22. Allow union organizing. (Campaign website.) (Party platform.) “Biden will go beyond the PRO Act by enacting legislation to impose even stiffer penalties on corporations and to hold company executives personally liable when they interfere with organizing efforts, including criminally liable when their interference is intentional . . . . A co-sponsor of the original Employee Free Choice Act, Biden supports workers choosing to form a union if a majority signs authorization cards empowering a union to represent them. He will go beyond the PRO Act by allowing workers to use this process, called ‘card check,’ as an initial option for forming a union, not merely an option granted when the employer has illegally interfered in the election process. . . . Ban state laws prohibiting unions from collecting dues or comparable payments from all workers who benefit from union representation that unions are legally obligated to provide.”
  23. Eliminate cash bail, mandatory minimums, the death penalty, or the criminalization of marijuana. They’re all on Biden’s campaign website.
  24. Make D.C. a state. (Party platform.)
  25. Tax the oligarchs. (Party platform.) (Campaign website.) “Democrats will take action to reverse the Trump Administration’s tax cuts benefiting the wealthiest Americans and rewarding corporations for shipping American jobs overseas. We will crack down on overseas tax havens and close loopholes that are exploited by the wealthiest Americans and biggest corporations. We will make sure the wealthy pay their fair share in taxes. We will make sure investors pay the same tax rates as workers and bring an end to expensive and unproductive tax loopholes, including the carried interest loophole. Corporate tax rates, which were cut sharply by the 2017 Republican tax cut, must be raised, and ‘trickle-down’ tax cuts must be rejected. Estate taxes should also be raised back to the historical norm.”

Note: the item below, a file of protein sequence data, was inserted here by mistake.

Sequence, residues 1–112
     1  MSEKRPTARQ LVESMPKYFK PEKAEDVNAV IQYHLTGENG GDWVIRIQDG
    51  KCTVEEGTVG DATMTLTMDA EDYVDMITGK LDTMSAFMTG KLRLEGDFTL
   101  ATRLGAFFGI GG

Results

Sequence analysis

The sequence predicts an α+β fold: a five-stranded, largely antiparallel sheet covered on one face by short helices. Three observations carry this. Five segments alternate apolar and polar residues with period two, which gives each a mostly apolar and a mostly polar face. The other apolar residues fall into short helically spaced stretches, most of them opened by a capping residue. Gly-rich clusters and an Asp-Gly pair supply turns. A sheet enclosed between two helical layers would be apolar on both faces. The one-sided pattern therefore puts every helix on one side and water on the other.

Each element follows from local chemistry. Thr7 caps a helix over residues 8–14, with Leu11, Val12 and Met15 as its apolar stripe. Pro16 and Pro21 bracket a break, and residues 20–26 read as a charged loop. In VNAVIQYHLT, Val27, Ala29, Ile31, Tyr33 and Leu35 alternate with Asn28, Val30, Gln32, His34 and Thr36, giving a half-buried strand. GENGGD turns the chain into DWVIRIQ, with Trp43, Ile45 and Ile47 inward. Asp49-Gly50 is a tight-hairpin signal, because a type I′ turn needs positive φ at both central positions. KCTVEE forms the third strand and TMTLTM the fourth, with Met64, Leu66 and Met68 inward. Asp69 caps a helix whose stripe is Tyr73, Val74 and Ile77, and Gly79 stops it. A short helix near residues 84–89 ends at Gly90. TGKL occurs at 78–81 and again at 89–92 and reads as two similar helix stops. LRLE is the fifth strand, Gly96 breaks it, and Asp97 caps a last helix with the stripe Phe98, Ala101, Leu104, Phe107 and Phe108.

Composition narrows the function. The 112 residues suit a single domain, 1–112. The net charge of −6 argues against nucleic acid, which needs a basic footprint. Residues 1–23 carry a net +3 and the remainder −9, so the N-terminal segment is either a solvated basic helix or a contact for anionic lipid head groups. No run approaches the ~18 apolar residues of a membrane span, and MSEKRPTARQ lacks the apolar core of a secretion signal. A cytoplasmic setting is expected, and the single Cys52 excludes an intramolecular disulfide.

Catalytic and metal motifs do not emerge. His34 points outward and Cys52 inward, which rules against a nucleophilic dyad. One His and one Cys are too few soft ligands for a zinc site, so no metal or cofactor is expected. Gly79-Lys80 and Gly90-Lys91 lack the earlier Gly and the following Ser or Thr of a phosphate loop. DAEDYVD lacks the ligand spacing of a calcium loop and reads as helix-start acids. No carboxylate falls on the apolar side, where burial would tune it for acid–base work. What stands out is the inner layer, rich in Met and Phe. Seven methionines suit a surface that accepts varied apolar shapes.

Breaking promises is usually unpopular. Breaking promises that you had to fake in order to pass for popular in the first place is pretty damaging. The fact that the corporate media does not mention any of this, and that many people may be only vaguely aware of this, doesn’t change the fact that all these lies were sold to people four years ago and are much harder to sell now — and for the most part the sales pitch isn’t even being attempted.

Are these mere possibilities, as I called them above? Are these not quite obviously actual reasons for the unpopularity of Joe Biden? Should we be more or less worried that the corporate media cannot see that, that it seems to have deluded itself rather than its consumers?

Leave a Reply

Your email address will not be published. Required fields are marked *


This site uses Akismet to reduce spam. Learn how your comment data is processed.